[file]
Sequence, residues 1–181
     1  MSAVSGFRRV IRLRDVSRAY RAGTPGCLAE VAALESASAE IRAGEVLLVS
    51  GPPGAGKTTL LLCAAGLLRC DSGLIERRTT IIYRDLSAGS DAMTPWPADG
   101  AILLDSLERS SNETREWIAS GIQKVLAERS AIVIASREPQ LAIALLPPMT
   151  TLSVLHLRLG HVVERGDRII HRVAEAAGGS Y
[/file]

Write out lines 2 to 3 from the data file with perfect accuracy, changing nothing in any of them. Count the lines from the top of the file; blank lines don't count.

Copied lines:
     1  MSAVSGFRRV IRLRDVSRAY RAGTPGCLAE VAALESASAE IRAGEVLLVS
    51  GPPGAGKTTL LLCAAGLLRC DSGLIERRTT IIYRDLSAGS DAMTPWPADG